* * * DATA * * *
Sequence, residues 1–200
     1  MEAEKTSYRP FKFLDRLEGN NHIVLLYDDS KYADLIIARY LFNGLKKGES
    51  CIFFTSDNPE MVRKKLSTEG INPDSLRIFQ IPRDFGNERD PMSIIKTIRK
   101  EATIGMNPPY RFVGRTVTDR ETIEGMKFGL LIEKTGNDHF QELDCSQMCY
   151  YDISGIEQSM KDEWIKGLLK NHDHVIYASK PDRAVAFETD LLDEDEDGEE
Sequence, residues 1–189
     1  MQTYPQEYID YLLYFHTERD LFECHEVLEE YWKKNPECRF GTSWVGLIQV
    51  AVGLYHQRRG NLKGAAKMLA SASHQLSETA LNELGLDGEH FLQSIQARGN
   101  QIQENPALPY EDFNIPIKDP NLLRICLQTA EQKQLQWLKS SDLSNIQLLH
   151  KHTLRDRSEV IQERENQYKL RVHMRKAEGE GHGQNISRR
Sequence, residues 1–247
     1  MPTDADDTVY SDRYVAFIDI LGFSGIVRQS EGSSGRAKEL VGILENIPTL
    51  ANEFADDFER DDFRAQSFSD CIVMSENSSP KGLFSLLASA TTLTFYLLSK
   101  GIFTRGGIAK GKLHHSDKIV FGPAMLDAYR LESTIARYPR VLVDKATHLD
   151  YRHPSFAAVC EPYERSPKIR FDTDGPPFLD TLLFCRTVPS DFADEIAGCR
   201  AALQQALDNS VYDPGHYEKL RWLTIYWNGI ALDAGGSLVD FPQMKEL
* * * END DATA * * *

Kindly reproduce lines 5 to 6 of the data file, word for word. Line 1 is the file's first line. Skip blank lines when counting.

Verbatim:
   151  YDISGIEQSM KDEWIKGLLK NHDHVIYASK PDRAVAFETD LLDEDEDGEE
Sequence, residues 1–189